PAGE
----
By Dante DeAmicis
This year I lost two jobs. My taxi job was squeezed out by a ruinous regulatory scheme. Then after six weeks of frantic hunting I got a job driving the transit bus. Shortly after, the drivers went out on strike and I lost that job even though I wasn’t one of the strikers. Since I was getting hungry I was willing to take anything. I spent a couple hundred bucks to get my guard card back and took a graveyard post at the top of Socrates Mine Road working at Calpine. I do not have a registered vehicle.
After several experiments I settled on the following strategy to get to work. First, take the last bus out of Clearlake at 4:45 pm to Middletown. Hang around town for awhile. Then I ride my bike which I loaded on the bus to a point two miles up Socrates Mine Road. I have to push it up the 16% grades. Now I try to make up some of my sleep deficit before work. Where am I? I am at Lincoln Rock, 1.4 miles below my post. The rock is 60 feet high jutting out of a flat space used as an emergency parking lot for Calpine employees.
The rock is a landmark on some maps. It is ancient and cracked, allowing small shrubs of oak and bay to scratch out a meager existence in its crevices. On the backside there is a narrow path etched in the volcanic sculpture. Although the prominence is mostly straight up there are suggestions of small ledges with no obvious access. After weeks of part time exploring before work, I found a difficult passage up and over one side of the spire. There I found a small ledge shielded by an old stump that had given up the struggle to survive on what water and minerals were doled out by the miserly stone.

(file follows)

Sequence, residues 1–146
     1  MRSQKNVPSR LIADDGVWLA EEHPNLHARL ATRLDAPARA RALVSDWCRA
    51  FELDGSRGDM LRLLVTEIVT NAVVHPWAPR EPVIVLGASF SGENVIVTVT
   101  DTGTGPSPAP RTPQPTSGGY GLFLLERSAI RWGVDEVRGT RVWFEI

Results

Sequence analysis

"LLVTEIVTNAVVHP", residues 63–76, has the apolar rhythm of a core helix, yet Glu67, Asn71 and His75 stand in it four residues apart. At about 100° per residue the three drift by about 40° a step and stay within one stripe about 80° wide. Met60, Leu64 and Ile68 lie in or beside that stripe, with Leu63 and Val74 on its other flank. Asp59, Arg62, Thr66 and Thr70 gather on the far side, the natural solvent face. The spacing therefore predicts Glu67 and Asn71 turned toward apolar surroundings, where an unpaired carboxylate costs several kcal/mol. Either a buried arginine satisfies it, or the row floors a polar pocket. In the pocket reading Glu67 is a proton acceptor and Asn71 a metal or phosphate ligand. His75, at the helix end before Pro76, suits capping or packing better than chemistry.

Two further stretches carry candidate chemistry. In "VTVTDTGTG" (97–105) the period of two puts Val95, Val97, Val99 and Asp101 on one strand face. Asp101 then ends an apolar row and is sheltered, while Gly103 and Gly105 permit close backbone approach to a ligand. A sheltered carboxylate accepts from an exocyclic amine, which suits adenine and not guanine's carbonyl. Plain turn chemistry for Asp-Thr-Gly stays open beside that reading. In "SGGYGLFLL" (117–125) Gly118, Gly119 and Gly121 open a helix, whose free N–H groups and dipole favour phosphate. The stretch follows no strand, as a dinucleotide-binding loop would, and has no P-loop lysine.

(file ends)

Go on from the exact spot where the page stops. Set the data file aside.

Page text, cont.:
It looked like someone else had regularly used this alfresco room with a view. There are no wild goats in the area. Garden variety homeless usually don’t wander into the high country. This leaves (gulp) cougars. Cougars love ledges to watch future meals promenade by and settle in for hours after they are finished hunting. The big cats are regularly sited in this area but the general consensus among them is humans don’t taste good. If the two leggers are on the run they attain the guilty pleasure of junk food. I figure I am safe in my sleeping bag unless the deer get all hunted out for three miles.
The stars are diamond bright. Hopefully, pissing on the rocks is a no vacancy sign for late arrivals. Only the yipping of foxes, night birds, falling pine cones, and the distant hum of Calpine’s power plants can be heard. I set my alarm for two and a half hours. I wake on my cougar ledge an hour or so before work. I roll up my bag and slide down Lincoln’s face. After strapping every thing on my bike I start the 45 minute push up the mountain to Post 3. Whether a displaced lion “hot sheets” back into his bed I’ll never know.
Soon the winter snows will come and turn Socrates to ice. Workers without four wheel drives will park their vehicles in the dirt lot around my sky nest and car pool the rest of the way up. As if I weren’t a curiosity already, I will be shaking off my new fallen blanket and emerge through the rubble at the base like some clean shaven Yeti to beg a lift. The Lincoln Rock and its occupants will watch the show from their front row.